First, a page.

China Wharf     China Wharf Boat     China Wharf rear     China Wharf rear 2
         
  East of Butler's Wharf along the river is China Wharf, a conversion into flats and offices by CZWG Architects, 1988. It has pagoda look on the river side. The rear end of a cantilevered boat is a balcony, at about the height of a very high spring tide. The land side of the building has deeply fluted white concrete with inset windows. The eastern facade in the last picture has stepped windows and then an inset so that the building appears to be pierced by Reed's Wharf.  
         
Thames View from Bermondsey               Canary Wharf
         
  Views across the river east from Butler's Wharf.
First picture, riverside flats in Wapping. Second picture, Canary Wharf area.
 
         
Tower Bridge 3
         
  Tower Bridge, Southwark. 1886-94 ... by Sir John Wolfe Barry, engineer, and Sir Horace Jones, architect. The lowest bridge on the Thames ... See separate page on Tower Bridge  
         
City Hall and More London
         
  City Hall and More London
See separate page
 
         
Bermondsey St          Bermondsey Street 78 etc          Bermondsey Street
         
  Bermondsey Street, the old High Street connecting the riverside with the parish church, still has a recognizably village character, even though the older houses are interrupted by C19 warehouses ... The best house is at the N end: No. 78, late C17, with a  pretty oriel window and a double overhang; the top floor weatherboarded. Around it, an irregular C18 group with stuccoed fronts ... Further S a plain terrace dated 1828 ...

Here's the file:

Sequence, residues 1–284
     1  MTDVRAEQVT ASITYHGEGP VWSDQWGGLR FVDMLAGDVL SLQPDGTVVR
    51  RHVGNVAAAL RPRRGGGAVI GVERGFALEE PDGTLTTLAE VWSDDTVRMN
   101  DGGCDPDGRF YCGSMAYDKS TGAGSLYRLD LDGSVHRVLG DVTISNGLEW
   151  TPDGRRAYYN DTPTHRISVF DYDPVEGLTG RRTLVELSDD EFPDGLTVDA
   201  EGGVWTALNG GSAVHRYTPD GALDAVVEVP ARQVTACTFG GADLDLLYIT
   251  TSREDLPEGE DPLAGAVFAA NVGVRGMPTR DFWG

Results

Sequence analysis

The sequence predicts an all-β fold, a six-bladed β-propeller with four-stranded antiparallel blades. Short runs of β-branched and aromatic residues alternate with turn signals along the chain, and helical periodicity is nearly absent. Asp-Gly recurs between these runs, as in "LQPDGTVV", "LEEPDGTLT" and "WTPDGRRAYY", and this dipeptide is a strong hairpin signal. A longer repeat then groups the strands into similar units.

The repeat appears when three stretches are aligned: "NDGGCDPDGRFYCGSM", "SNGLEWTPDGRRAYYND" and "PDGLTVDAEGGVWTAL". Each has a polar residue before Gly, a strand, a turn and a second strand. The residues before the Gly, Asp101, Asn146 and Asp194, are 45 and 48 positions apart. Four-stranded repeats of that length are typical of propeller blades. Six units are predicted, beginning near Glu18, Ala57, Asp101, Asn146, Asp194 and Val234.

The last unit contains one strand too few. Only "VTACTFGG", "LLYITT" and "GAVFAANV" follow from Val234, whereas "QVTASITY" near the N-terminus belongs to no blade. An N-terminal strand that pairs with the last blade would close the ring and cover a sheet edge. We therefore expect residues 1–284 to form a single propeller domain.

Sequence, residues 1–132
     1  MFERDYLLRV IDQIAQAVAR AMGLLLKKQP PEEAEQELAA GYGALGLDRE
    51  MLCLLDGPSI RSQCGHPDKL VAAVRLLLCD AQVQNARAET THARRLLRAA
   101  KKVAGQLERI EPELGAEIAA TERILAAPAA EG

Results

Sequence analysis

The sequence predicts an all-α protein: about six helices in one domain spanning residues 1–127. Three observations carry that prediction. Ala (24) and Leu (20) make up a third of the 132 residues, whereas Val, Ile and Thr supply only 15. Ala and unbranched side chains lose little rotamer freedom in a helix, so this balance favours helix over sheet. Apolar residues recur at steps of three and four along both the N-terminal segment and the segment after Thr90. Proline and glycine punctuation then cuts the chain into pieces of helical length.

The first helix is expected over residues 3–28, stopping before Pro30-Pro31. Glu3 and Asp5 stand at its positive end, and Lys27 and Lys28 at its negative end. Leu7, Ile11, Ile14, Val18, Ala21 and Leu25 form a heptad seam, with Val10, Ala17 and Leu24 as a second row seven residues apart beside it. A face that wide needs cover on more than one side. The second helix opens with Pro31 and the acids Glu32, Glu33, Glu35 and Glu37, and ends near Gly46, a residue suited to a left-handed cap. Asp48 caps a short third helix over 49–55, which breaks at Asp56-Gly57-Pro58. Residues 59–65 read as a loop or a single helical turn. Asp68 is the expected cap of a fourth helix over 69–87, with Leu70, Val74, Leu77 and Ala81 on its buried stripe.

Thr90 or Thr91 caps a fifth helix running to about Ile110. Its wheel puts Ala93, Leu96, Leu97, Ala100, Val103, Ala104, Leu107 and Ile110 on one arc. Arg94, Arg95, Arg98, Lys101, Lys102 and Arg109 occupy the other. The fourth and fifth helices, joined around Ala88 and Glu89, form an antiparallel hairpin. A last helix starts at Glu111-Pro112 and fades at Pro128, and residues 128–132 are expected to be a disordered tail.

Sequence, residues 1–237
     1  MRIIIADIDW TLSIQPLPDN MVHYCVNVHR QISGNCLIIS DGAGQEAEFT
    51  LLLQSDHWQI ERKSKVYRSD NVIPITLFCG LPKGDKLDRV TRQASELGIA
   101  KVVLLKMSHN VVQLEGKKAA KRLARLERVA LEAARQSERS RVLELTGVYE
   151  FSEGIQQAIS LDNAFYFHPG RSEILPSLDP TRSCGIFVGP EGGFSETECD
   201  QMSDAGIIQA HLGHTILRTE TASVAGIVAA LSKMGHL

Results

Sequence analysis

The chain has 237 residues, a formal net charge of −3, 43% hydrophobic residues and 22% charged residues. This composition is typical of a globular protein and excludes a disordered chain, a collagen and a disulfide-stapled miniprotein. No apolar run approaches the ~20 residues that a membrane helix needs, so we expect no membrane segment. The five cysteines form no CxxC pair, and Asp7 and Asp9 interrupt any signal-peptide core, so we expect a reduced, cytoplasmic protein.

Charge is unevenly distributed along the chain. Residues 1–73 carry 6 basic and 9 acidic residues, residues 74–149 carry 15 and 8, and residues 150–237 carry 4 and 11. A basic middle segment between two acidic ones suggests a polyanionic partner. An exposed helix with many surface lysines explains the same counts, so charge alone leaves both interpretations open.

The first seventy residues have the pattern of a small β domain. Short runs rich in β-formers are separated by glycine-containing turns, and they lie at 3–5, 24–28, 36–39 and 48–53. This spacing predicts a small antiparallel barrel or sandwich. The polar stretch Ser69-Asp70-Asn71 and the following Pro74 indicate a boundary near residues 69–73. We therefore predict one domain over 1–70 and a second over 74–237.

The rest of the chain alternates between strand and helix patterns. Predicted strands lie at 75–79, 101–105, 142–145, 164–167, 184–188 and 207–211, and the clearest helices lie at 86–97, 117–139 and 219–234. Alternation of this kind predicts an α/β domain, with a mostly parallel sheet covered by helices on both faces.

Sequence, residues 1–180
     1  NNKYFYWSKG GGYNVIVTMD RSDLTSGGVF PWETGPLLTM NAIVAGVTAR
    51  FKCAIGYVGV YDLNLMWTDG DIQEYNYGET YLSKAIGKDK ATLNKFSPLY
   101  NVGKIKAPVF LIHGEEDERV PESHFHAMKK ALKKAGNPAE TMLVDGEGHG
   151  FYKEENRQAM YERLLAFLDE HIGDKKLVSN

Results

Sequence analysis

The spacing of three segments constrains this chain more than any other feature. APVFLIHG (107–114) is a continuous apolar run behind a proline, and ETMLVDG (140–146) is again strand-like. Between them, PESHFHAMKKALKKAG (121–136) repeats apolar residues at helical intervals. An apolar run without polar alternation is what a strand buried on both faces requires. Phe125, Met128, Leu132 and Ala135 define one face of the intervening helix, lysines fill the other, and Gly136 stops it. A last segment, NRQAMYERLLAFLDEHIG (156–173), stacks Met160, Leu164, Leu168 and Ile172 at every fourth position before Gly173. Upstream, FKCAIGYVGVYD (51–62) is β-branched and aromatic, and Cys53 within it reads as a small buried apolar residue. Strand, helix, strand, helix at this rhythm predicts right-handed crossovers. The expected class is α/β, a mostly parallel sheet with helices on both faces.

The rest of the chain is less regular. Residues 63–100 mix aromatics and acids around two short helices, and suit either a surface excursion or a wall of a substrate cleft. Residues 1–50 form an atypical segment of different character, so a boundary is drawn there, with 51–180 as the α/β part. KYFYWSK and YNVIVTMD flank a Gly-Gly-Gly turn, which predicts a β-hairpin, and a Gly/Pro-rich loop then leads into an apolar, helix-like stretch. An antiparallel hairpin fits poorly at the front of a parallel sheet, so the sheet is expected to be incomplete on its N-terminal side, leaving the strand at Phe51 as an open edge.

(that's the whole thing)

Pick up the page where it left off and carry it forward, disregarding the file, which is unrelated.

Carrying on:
Bermondsey Street The  Old Rectory Bermondsey Street Church FTM Fashion and Textile Museum  
         
  No.191, set back next to the church, also early C19, four storeys with fine Tuscan cornice and giant pilasters ...
St Mary Magdalene has medieval origins but was mostly rebuilt in the 1670s. The whole exterior was stuccoed in 1830, and it was then also that George Porter remodelled the W front in a gimcrack  but charming, wholly unscholarly Gothic Revival. The aisles project as far W as the W tower and end in castellated lean-to roofs. The tower has pinnacles and a top stage with four gables and a tiny lantern. ...
Fashion and Textile Museum 2002.Colourful modern building in the middle of Bermondsey Street designed by the Mexican architect Ricardo Legorreta for fashion designer Zandra Rhodes. Flats on the upper floors. More at arcspace.com.
 
         
Bermondsey St 3               Bermondsey St 2
         
  Carmarthen Place behind Bermondsey Street. Built 2006. Made of prefabricated  solid timber panels, 10cm thick, with batten cladding. The windows and doors are cut into the timber panels. More at architects' site.  
         
Weston Williamson Tanner Street          51 Tanner Street          51 Tanner Street 2
         
  The headquarters of Weston Williamson Architects on the corner of Tanner Street and Tower Bridge Road.
51 Tanner Street appears to have a wood-clad frontage, but which on closer inspection shows a repeat pattern in the grain.
 
         
London Bridge Station          London Bridge Station 2          London Bridge Station 3
         
  Victorian railway arches at London Bridge Station along St Thomas Street.  
         
    Hay's Galleria    
         
  Hays Galleria (between Tower Bridge and London Bridge) is a mall of cafes, restaurants, shops and offices. It is a refurbishment of what was once a water inlet for river barges loading and unloading by the Victorian warehouses on either side. The renovation was designed by Michael Twigg-Brown and Partners (1986).  
         
Guys 2
         
  Guy's Hospital
Separate Page